Volvo cars become road maintenance probes

In a pilot project announced by Volvo, its cars will communicate slippery conditions to road maintenance authorities.

Volvo V2V technology
Traction control hardware in Volvo cars includes sensor data that can be useful to other cars approaching a slippery section of road. Volvo

Many automakers and governments are developing vehicle-to-vehicle (V2V) communication, which lets cars instantly communicate safety information to traffic in the immediate vicinity, but Volvo puts a uniquely Swedish spin on the tech with a new pilot project. Its cars will communicate data from wheel-slip sensors to not only alert other cars to icy road conditions, but also to road maintenance authorities.

Volvo announced that 50 cars would participate in the pilot program, and that the "fleet would grow considerably" for next winter. The program is being run in conjunction with the Swedish Transport Administration and the Norwegian Public Roads Administration.

The cars in the program will need to be fitted with a data transceiver, which includes hardware to read sensor information from the vehicle. According to the Volvo's press release, the cars will communicate over cell towers, sending their data and location to a Volvo data center. That same data center can send alerts to cars in the immediate vicinity, warning them about slippery conditions.

This strategy varies from that being developed by Ford and other automakers, which uses Dedicated Short Range Communications to send data directly to other cars in the immediate vicinity.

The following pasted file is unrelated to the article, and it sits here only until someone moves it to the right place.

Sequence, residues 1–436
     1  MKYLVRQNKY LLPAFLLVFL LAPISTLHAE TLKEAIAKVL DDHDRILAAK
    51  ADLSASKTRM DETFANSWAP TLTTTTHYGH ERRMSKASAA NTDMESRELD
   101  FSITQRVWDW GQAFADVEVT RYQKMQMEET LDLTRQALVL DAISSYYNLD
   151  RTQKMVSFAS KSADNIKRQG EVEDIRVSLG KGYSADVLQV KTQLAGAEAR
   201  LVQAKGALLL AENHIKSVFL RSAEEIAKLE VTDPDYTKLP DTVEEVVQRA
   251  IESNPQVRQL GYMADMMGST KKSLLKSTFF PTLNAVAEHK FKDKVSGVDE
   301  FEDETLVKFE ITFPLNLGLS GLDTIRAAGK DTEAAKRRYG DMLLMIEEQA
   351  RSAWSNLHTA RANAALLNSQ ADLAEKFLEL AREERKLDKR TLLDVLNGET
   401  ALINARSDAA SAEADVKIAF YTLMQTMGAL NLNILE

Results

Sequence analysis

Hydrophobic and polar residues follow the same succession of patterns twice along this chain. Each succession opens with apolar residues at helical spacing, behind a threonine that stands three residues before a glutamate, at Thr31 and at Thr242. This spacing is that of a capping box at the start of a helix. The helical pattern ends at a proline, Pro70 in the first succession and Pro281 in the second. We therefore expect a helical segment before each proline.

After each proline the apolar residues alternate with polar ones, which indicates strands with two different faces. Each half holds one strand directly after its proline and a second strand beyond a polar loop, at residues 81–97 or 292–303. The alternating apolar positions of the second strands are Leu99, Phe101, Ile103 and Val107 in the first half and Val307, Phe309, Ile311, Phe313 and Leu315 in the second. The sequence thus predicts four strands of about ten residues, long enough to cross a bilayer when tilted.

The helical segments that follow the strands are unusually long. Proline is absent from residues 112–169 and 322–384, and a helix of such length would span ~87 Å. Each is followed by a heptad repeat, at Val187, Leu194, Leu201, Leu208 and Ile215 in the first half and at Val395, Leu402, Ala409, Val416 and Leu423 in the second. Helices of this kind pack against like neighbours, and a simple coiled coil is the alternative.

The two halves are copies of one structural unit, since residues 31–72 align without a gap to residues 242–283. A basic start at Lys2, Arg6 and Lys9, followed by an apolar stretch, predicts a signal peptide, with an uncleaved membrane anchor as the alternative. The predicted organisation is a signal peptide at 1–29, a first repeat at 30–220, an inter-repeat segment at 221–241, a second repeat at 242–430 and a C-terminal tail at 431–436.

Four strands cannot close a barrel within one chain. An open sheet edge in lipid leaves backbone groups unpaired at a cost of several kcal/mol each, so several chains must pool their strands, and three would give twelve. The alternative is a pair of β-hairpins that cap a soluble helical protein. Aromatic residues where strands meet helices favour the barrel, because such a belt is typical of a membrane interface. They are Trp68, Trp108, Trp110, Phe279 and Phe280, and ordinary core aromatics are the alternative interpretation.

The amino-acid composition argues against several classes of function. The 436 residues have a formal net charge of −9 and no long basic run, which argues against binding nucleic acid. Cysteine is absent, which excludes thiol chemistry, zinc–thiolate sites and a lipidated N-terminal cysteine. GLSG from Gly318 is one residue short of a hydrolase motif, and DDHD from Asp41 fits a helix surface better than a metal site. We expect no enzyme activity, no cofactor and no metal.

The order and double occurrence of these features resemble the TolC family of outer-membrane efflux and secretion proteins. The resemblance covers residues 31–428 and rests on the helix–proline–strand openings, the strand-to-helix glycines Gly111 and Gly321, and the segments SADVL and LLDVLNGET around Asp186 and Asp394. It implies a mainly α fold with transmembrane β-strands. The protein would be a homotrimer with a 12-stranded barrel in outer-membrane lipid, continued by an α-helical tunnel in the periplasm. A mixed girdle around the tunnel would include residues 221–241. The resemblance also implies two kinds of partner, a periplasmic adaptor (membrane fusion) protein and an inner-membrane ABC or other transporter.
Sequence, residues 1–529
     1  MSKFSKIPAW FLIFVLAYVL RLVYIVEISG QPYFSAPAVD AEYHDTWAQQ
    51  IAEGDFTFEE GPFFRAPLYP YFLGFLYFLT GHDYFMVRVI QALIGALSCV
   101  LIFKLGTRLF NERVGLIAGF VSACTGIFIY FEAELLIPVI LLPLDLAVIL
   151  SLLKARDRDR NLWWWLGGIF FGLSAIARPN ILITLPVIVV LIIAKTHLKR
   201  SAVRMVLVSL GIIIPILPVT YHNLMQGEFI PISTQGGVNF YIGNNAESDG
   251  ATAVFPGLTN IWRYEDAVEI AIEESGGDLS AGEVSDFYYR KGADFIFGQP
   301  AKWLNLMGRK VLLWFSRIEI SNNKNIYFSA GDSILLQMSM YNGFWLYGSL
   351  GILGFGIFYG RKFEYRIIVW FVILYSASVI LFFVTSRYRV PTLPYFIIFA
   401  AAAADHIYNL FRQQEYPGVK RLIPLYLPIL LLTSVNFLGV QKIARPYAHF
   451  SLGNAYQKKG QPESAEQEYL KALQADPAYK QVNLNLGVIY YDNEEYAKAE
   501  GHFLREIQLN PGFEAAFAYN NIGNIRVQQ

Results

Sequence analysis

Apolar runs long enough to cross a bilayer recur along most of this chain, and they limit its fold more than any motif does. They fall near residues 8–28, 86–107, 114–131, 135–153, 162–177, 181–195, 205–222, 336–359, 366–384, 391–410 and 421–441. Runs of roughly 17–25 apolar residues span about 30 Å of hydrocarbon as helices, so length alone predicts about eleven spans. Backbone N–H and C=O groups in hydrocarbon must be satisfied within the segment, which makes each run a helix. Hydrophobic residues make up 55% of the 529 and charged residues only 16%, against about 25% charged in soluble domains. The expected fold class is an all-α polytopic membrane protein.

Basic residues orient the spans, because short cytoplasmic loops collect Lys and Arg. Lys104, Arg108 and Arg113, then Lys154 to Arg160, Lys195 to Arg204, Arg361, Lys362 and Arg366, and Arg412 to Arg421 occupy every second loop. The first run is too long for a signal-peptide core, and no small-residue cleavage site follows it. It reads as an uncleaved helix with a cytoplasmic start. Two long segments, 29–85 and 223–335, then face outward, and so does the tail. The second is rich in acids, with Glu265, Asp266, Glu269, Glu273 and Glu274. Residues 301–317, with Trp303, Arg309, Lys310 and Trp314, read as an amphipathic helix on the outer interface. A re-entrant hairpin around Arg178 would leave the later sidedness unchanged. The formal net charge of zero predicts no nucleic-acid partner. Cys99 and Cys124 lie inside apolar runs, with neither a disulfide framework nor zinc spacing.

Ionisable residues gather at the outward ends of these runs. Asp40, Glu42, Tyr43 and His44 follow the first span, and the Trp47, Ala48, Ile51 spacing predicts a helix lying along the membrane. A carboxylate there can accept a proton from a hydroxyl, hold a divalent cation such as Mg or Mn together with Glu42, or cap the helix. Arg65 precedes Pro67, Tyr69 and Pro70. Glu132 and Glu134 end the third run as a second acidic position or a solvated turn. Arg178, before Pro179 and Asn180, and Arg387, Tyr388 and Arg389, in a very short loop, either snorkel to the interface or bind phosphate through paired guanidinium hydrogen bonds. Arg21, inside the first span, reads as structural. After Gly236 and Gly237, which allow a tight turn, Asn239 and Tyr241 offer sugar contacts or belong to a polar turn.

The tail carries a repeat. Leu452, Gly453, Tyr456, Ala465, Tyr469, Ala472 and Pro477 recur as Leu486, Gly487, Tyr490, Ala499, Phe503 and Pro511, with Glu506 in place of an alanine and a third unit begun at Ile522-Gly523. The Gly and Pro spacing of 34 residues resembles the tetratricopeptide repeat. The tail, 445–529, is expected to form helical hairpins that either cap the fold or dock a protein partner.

Volvo notes that cars receiving the slip data will adjust the alert level they display to drivers based on their own speed. A car traveling at 10 mph entering a section of road with reported slippery conditions may give its driver a lower level alert than a car traveling at 60 mph.

Aggregate data will also be sent to road authorities. For sections of road with multiple reported incidents of slip, road maintenance department can send out a crew to de-ice and run snow plows.

Volvo V2V technology
Volvo's pilot program not only helps other drivers, but lets authorities know which sections of road need the most attention. Volvo

About the author

Wayne Cunningham reviews cars and writes about automotive technology for CNET. Prior to the Car Tech beat, he covered spyware, Web building technologies, and computer hardware. He began covering technology and the Web in 1994 as an editor of The Net magazine. He's also the author of "Vaporware," a novel that's available as a Nook e-book.

 

Join the discussion

Conversation powered by Livefyre

Don't Miss
Hot Products
Trending on CNET

HOT ON CNET

Want affordable gadgets for your student?

Everyday finds that will make students' lives easier: chargers, cables, headphones, and even a bona fide gadget or two!